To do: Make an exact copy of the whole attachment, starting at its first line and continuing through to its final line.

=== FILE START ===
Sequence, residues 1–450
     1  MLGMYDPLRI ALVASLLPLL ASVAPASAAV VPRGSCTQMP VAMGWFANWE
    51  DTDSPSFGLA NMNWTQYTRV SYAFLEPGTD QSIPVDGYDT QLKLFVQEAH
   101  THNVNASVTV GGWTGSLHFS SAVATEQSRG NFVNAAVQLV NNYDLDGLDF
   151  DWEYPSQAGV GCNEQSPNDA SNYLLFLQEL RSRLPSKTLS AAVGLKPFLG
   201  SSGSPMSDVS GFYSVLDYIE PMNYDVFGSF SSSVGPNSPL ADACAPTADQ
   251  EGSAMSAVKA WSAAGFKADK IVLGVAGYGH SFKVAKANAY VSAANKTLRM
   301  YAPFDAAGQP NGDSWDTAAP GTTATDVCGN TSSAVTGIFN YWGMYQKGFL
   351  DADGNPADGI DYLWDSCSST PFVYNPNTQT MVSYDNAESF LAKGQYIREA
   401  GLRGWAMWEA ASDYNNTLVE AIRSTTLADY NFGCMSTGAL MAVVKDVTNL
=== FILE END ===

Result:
Sequence, residues 1–450
     1  MLGMYDPLRI ALVASLLPLL ASVAPASAAV VPRGSCTQMP VAMGWFANWE
    51  DTDSPSFGLA NMNWTQYTRV SYAFLEPGTD QSIPVDGYDT QLKLFVQEAH
   101  THNVNASVTV GGWTGSLHFS SAVATEQSRG NFVNAAVQLV NNYDLDGLDF
   151  DWEYPSQAGV GCNEQSPNDA SNYLLFLQEL RSRLPSKTLS AAVGLKPFLG
   201  SSGSPMSDVS GFYSVLDYIE PMNYDVFGSF SSSVGPNSPL ADACAPTADQ
   251  EGSAMSAVKA WSAAGFKADK IVLGVAGYGH SFKVAKANAY VSAANKTLRM
   301  YAPFDAAGQP NGDSWDTAAP GTTATDVCGN TSSAVTGIFN YWGMYQKGFL
   351  DADGNPADGI DYLWDSCSST PFVYNPNTQT MVSYDNAESF LAKGQYIREA
   401  GLRGWAMWEA ASDYNNTLVE AIRSTTLADY NFGCMSTGAL MAVVKDVTNL